The Parable of the Horse and the Cadillac
May 11, 2011
I’m in the process of reading some memoirs in preparation for writing a piece about D. H. Lawrence’s life in New Mexico and the novel he wrote while he lived there. After Lawrence’s death, many of his friends and acquaintances wrote about him. They’re thrilling to read and provide a very detailed account of Lawrence’s life on the ranch Mabel Dodge Luhan gave his wife Frieda. One of my favorites: Lawrence always wore a too big ten gallon hat that he wore, according to a native from New Mexico, too far down over his ears. He wore it, the anecdote said, even in the kitchen of his cabin on the ranch. Another: he was a ferocious rider and galloped full speed ahead wherever he went and always wanted to be the first to reach the ranch.
To get to the Lawrence ranch, you had to journey quite far out of Taos, up into and through a forest. The Lawrence ranch was perched just under a mountain overlooking the desert below at almost 9000 feet above sea level. The road there – not a road, really, but a track – was treacherous and, after a severe summer thunderstorm, it was covered with sharp rocks. The distance from Taos to the ranch wasn’t all that great. Still, it took an automobile about two hours to make it to the ranch. In the 1920s, you couldn’t drive more than 20 miles and hour most of the times, and most of the cars who attempted the climb boiled over on the way, so there would be periods of stopping for an hour or so to wait for the engine to cool down before venturing on.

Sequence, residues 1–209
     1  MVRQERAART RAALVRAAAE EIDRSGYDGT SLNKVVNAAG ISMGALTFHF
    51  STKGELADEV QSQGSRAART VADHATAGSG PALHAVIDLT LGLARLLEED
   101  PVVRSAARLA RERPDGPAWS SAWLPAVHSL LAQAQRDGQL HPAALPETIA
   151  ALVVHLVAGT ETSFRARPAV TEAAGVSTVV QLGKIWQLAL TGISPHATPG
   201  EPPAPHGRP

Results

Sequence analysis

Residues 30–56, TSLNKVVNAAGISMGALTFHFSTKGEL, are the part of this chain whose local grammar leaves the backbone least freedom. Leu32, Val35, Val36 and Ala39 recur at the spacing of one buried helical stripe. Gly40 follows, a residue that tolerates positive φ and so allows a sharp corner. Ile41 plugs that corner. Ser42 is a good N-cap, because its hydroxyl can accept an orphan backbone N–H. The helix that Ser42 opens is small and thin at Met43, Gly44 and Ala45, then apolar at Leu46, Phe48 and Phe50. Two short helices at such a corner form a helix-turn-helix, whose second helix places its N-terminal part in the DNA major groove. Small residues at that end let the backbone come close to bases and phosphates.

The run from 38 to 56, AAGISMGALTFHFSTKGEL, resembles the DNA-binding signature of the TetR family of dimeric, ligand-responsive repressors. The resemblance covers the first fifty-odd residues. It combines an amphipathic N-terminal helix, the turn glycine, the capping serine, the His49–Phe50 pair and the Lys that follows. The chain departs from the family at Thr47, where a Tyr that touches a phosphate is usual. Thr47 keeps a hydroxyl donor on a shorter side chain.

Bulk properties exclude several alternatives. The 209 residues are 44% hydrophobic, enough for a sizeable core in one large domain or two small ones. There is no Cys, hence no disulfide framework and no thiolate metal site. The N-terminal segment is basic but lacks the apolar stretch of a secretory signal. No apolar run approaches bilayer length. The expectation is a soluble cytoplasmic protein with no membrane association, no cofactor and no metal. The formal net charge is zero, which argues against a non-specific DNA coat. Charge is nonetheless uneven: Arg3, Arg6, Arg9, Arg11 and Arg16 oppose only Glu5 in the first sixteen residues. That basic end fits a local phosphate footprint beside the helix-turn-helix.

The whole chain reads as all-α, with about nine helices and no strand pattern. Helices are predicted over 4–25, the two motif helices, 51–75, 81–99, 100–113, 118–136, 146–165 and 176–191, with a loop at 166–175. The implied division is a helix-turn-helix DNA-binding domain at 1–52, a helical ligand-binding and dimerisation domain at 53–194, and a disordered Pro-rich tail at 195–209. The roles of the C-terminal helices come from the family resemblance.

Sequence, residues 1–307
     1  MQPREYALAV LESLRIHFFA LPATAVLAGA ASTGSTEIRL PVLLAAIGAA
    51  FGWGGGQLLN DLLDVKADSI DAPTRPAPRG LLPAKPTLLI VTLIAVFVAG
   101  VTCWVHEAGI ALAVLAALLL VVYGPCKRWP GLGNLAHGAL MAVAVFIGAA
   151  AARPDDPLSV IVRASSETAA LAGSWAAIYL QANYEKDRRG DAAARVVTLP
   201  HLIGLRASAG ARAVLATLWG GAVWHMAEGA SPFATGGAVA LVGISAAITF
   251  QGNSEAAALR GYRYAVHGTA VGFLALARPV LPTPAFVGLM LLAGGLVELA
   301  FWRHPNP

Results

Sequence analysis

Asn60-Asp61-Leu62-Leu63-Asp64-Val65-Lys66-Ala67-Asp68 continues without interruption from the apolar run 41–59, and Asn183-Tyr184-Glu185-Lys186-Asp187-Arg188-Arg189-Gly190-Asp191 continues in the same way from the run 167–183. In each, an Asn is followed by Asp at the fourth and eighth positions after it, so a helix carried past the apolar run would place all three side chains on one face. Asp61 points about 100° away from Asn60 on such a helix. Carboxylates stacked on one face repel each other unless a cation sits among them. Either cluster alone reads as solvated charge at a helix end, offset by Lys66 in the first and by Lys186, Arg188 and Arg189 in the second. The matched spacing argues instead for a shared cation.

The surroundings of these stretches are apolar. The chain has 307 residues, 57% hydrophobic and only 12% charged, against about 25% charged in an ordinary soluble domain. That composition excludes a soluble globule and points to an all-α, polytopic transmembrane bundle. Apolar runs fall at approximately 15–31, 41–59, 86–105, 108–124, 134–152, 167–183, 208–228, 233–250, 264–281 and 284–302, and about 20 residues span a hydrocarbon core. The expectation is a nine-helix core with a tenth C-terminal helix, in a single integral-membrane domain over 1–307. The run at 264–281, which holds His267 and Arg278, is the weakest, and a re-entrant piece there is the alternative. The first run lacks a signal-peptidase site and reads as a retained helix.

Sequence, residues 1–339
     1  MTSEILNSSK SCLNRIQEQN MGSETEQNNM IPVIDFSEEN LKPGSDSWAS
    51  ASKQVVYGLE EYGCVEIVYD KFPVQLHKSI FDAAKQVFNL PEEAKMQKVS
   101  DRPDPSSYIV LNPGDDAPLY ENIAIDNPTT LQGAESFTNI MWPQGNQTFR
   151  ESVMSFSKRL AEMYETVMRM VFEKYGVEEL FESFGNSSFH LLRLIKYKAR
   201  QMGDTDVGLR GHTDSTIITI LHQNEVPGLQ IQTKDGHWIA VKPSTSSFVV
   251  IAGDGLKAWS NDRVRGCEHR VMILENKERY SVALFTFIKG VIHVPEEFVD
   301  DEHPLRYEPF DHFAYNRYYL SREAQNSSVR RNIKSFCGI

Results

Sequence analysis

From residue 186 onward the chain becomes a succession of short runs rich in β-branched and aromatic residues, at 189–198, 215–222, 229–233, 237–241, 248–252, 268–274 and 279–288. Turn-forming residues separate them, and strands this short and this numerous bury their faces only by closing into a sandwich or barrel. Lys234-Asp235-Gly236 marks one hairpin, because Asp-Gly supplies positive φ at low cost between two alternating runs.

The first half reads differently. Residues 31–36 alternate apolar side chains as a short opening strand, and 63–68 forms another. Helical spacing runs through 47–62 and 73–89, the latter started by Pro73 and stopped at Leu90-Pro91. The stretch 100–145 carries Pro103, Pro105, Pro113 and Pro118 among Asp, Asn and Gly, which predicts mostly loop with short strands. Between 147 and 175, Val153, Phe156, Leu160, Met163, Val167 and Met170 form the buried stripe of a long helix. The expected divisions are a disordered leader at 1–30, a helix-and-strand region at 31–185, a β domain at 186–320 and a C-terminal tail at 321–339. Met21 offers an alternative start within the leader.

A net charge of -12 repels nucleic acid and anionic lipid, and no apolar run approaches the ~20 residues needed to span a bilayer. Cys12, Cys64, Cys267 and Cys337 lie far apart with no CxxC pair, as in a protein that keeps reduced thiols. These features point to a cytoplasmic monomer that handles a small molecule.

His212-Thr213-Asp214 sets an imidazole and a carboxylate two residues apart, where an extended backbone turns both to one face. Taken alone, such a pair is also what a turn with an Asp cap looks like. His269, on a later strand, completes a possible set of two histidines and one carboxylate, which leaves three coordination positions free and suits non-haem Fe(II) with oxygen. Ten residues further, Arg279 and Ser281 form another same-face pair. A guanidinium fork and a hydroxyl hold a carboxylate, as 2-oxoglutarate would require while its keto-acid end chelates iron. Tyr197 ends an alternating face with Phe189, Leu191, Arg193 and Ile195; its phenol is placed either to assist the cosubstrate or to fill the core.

On one particularly treacherous trip, Joseph Foster describes how his brother-in-law Swinburne Hale drove his brand new $7000 Cadillac from where he lived on a ranch outside Taos up to Lawrence’s ranch. He couldn’t find the way, and found himself on the rim of Hondo Canyon, so he took a track with the Cadillac down into the canyon and discovered there were no roads or trails down there, so he forded the swift-running Hondo River – the water came up to the running boards – and quite by luck found a track on the other side. Hours later, he and Joseph Foster and Swinburne’s sister Catherine motored into a clearing and found the cabin where Lawrence lived. On their way home, the heavy Cadillac went through a plank bridge and they had to abandon the car there and walk home.
Now the moral of the story is this….You could get to the Lawrences’ ranch far, far more easily on horseback. Swinburne owned several horses as did Catherine and John. So why did they take the motorcar – a risky business at best – instead of their trusty horses that knew the way there and knew their way home? Because Swinburne had the car, and because he had it, he wanted to use it, even if it made no sense to use it.
A perfect example of technology getting in the way of what had been a simpler way of doing things – riding a horse in a country, at the time, fit only for horses. No roads. Streams to ford. Flimsy cottonwood plank bridges. But if a man or woman has a car, it has to be used no matter what.
So today I was talking to a writer friend, and she told me that yesterday, she and her husband went through her computer to find all the files that pertained to a gigantic biography they’re writing. “Everywhere he looked,” she said, “there were files. It took him all day long. I didn’t know I had all these files. And then he told me I owed him a drink so we went out.”